|US8337333||4 Jun 2012||25 Dic 2012||Acushnet Company||Golf ball with a non-ionomeric inner cover, stiff TPU intermediate cover, and cast thermoset outer cover|
|US8834301||21 Dic 2012||16 Sep 2014||Acushnet Company||Golf ball with a non-ionomeric inner cover, stiff TPU intermediate cover, and cast thermoset outer cover|
|US9044648||19 Dic 2011||2 Jun 2015||Acushnet Company||Golf balls having multi-layered covers based on aromatic and aliphatic polyurethanes|
|US9339696||29 Dic 2014||17 May 2016||Acushnet Company||Three-cover-layer golf ball comprising intermediate layer including a plasticized polyester composition|
|US9375612||5 Nov 2013||28 Jun 2016||Acushnet Company||Golf balls having silicone foam center|
|US9669265||16 Sep 2014||6 Jun 2017||Acushnet Company||Three-cover-layer golf ball having transparent or plasticized polyamide intermediate layer|
|US9764198||20 May 2016||19 Sep 2017||Acushnet Company||Golf balls having translucent covers formed of aromatic and aliphatic polyurethanes|
|US20100234139 *||13 Mar 2009||16 Sep 2010||Sullivan Michael J||Golf ball with an ionomeric inner cover, stiff tpu intermediate cover, and cast thermoset outer cover|
|US20100234140 *||13 Mar 2009||16 Sep 2010||Sullivan Michael J||Golf ball with a non-ionomeric inner cover, stiff tpu intermediate cover, and cast thermoset outer cover|
|US20100240470 *||23 Mar 2009||23 Sep 2010||Sullivan Michael J||Golf ball having a stiff tpu inner cover and a cast thermoset outer cover|
|WO2016154243A1||23 Mar 2016||29 Sep 2016||Air Products And Chemicals, Inc.||Epoxy systems having improved fracture toughness|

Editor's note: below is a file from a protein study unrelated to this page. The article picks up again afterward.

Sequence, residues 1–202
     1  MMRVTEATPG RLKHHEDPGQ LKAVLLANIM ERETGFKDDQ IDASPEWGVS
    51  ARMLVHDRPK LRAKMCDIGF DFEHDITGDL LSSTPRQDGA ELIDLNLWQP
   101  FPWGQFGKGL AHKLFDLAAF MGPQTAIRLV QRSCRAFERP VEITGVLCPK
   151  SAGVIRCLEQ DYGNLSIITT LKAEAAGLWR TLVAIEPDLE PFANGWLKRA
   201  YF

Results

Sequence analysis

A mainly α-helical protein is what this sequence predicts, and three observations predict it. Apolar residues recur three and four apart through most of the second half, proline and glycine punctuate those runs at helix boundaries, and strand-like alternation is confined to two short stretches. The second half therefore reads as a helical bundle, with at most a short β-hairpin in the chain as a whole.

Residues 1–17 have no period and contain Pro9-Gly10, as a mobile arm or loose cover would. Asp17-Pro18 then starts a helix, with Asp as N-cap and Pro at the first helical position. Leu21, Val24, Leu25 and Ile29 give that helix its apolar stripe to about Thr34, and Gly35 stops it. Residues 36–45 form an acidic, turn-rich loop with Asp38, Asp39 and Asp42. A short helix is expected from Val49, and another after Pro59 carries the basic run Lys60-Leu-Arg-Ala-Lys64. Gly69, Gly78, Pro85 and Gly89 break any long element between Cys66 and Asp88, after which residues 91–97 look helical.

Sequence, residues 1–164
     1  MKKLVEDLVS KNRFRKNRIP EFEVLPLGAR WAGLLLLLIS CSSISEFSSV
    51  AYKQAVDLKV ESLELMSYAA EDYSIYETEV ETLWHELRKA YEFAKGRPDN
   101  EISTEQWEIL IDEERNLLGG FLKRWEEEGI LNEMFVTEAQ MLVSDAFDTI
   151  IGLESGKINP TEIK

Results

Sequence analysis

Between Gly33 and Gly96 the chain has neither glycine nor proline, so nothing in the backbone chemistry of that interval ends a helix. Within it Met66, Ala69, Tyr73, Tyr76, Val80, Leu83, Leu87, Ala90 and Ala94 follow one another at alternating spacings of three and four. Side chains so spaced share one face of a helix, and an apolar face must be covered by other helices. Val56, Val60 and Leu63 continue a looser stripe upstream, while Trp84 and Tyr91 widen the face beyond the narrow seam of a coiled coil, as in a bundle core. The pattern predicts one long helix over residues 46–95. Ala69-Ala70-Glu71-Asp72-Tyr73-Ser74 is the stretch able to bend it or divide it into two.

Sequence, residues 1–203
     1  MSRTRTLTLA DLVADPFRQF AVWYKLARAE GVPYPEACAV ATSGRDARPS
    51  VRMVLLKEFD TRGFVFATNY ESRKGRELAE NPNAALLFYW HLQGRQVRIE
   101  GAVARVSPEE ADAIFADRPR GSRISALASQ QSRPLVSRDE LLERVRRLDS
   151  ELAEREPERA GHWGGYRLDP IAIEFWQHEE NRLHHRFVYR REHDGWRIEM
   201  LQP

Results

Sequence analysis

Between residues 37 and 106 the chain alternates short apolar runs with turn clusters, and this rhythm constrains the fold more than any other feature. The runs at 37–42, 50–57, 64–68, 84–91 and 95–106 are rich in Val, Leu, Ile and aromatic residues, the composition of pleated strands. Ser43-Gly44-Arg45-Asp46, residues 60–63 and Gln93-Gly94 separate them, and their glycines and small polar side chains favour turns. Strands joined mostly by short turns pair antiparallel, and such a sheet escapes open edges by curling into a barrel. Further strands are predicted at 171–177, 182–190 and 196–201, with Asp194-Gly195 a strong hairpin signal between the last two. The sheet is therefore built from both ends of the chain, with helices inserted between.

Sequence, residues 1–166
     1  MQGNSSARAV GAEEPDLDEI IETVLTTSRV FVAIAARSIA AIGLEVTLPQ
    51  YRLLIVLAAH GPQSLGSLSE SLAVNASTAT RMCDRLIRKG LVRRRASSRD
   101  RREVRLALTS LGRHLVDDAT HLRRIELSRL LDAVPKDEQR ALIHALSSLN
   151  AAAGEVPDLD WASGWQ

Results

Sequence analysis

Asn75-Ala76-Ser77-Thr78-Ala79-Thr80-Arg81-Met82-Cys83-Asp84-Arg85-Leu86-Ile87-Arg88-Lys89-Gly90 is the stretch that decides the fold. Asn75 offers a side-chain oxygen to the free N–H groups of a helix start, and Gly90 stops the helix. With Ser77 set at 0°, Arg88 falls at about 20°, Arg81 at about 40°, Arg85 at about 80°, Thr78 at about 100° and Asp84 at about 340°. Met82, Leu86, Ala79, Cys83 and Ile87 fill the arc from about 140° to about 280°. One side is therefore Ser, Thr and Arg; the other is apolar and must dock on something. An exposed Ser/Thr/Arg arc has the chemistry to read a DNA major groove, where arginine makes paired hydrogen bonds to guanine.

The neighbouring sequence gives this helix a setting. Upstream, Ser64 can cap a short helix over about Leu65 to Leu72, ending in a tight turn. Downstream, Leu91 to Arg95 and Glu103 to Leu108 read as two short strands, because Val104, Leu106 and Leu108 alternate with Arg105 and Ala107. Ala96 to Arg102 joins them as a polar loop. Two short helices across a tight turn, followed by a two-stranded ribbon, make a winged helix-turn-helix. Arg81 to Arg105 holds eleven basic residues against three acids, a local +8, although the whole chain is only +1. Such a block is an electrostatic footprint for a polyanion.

|Clasificación de EE.UU.||473/378, 473/374, 473/351, 528/28|
|Clasificación internacional||A63B37/12, C08G18/32, C08G18/44, C08G18/75, C08G18/48, C08G18/61, A63B37/00|
|Clasificación cooperativa||A63B37/0003, C08G18/61, A63B37/0064, A63B37/0076, A63B37/0031, A63B37/0043, C08G18/758, A63B37/0087, A63B37/12, C08G18/44, C08G18/3225, A63B37/0045, C08G18/4854, A63B37/0033, A63B37/0062|
|Clasificación europea||A63B37/12, C08G18/44, C08G18/32B, C08G18/61, C08G18/75D, A63B37/00G, C08G18/48H|
|11 May 2004||AS||Assignment|
Owner name: ACUSHNET COMPANY, MASSACHUSETTS
Free format text: ASSIGNMENT OF ASSIGNORS INTEREST;ASSIGNORS:HARRIS, KEVIN M.;RAJAGOPALAN, MURALI;REEL/FRAME:015322/0429
Effective date: 20021021
|2 Nov 2009||FPAY||Fee payment|
Year of fee payment: 4
|7 Dic 2011||AS||Assignment|
Owner name: KOREA DEVELOPMENT BANK, NEW YORK BRANCH, NEW YORK
Free format text: SECURITY AGREEMENT;ASSIGNOR:ACUSHNET COMPANY;REEL/FRAME:027332/0366
Effective date: 20111031
|4 Nov 2013||FPAY||Fee payment|
Year of fee payment: 8
|28 Jul 2016||AS||Assignment|
Owner name: WELLS FARGO BANK, NATIONAL ASSOCIATION, AS ADMINIS
Free format text: SECURITY INTEREST;ASSIGNOR:ACUSHNET COMPANY;REEL/FRAME:039506/0030
Effective date: 20160728
|7 Sep 2016||AS||Assignment|
Owner name: ACUSHNET COMPANY, MASSACHUSETTS
Free format text: RELEASE OF SECURITY INTEREST IN PATENTS PREVIOUSLY RECORDED AT REEL/FRAME (027332/0366);ASSIGNOR:KOREA DEVELOPMENT BANK, NEW YORK BRANCH;REEL/FRAME:039938/0979
Effective date: 20160728